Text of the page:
Tribune Print Share Text

Where'd that phrase come from #67

Created date

June 30th, 2014

The 3rd degree

To give someone the 3rd degree is to subject them to an intense line of questioning. Usually, the term is used in reference to a police interrogation, but its origins actually stem from Freemasonry.

Specifically, to rise to the rank of a 3rd Degree Mason, one first has to fulfill a rigorous set of requirements as well as a taxing initiation process. From this ritual, we get the phrase “giving someone the 3rd degree.”

“If you testify on Capitol Hill, you should know that the committee will give you the 3rd degree about your agency’s activities.”

Balls to the wall

This phrase comes from World War II aviation. In everyday conversation, when someone says that they did something “balls to the wall,” it essentially means that they went all out, full throttle. If you look inside the cockpit of a World War II fighter plane, it’s clear why.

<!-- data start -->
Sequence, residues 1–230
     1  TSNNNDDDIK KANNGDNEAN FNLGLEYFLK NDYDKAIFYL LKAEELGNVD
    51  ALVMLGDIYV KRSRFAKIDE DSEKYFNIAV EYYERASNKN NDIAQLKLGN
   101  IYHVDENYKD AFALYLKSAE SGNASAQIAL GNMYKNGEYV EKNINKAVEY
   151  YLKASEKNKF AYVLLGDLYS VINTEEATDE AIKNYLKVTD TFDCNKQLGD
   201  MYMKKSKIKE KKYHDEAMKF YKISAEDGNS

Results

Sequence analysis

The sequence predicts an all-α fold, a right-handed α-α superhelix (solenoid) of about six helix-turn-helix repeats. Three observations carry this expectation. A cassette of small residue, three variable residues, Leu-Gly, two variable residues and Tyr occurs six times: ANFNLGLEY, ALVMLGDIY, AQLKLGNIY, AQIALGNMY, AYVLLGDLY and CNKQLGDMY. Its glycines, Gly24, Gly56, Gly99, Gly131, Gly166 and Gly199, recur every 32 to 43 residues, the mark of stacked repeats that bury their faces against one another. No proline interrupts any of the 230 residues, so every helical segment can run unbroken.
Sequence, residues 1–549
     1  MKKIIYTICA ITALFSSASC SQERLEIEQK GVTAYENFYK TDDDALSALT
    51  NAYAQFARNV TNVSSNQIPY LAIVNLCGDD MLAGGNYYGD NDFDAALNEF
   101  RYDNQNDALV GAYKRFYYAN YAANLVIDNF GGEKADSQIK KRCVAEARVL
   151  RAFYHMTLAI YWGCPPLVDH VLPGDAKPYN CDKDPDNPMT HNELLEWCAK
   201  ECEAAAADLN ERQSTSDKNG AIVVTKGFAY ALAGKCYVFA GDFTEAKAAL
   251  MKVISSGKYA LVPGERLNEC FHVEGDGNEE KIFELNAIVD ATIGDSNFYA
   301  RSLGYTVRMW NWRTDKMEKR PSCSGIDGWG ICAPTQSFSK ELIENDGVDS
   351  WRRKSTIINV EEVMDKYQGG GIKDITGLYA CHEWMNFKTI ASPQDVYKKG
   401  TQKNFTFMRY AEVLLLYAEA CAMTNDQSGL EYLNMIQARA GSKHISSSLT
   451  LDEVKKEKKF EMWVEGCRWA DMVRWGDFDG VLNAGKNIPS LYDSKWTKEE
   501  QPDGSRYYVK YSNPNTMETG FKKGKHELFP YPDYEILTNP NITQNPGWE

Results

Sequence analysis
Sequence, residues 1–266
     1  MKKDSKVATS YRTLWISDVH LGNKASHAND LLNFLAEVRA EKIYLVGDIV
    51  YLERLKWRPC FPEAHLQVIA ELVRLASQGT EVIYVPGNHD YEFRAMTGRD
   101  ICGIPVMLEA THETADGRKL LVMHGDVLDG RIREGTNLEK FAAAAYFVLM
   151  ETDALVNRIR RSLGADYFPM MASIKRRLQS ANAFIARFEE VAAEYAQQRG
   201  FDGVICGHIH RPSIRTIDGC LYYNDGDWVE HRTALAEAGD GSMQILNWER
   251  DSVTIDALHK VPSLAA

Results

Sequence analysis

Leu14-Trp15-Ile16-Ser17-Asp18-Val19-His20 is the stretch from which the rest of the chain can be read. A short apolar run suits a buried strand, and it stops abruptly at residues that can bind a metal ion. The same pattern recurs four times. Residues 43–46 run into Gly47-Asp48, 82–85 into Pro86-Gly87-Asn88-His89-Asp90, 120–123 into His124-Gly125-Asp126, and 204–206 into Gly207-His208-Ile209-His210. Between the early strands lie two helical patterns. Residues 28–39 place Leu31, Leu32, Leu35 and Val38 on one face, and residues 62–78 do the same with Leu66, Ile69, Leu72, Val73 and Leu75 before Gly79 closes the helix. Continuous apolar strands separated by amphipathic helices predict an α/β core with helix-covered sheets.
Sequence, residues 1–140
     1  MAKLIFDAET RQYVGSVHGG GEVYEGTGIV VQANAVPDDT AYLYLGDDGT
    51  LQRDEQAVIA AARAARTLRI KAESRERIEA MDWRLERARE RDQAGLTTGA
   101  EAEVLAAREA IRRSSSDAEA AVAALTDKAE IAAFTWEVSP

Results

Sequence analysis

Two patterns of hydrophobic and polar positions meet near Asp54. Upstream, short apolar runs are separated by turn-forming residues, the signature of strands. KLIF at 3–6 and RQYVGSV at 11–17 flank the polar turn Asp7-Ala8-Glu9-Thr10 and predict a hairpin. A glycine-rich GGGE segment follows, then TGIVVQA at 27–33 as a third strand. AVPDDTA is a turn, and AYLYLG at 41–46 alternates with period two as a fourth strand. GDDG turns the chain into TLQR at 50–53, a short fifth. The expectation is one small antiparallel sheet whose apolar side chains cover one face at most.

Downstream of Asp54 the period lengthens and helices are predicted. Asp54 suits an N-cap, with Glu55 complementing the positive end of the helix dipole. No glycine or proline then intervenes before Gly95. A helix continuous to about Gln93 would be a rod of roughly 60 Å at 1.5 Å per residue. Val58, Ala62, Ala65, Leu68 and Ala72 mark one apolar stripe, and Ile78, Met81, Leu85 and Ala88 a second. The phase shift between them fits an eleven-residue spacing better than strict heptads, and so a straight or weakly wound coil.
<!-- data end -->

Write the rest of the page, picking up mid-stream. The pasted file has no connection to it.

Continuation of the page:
The throttle and fuel mixture controls, located immediately to the pilot’s left, were often topped with ball-shaped grips. When you pushed these handles forward to go faster, you moved the ball grips closer to the cockpit’s front wall—hence, “balls to the wall.”

“With my deadline rapidly approaching, I had to go balls to the wall on the project to complete it on time.”

(Come on) like gangbusters

In the heyday of radio, Gangbusters was a popular primetime detective thriller. Anyone who tuned in knew just when it started because the show always opened with the explosion of gunshots and the blaring of sirens.

In fact, it came on with such noise that its title quickly became a euphemism for anything or anyone that matched its jarring quality, either in force or volume.

“When I was on the stand for cross-examination, the defense attorney came on like gangbusters, bombarding me with hostile questions.”

No man’s land

World War I was a trench war unlike any that mankind had ever witnessed. For extended periods, both sides dug in and stayed put. The distance between the opposing forces was called “no man’s land,” literally because no man—German, British, French, or Italian—wanted to venture there. If they did, they likely would have been torn to shreds by machinegun fire.

Today, the phrase refers to places where no one wants to go—more generally, of course.

“There’s a reason why you won’t find many people at the North Pole. The place is a no man’s land; given the conditions, it’s virtually uninhabitable.”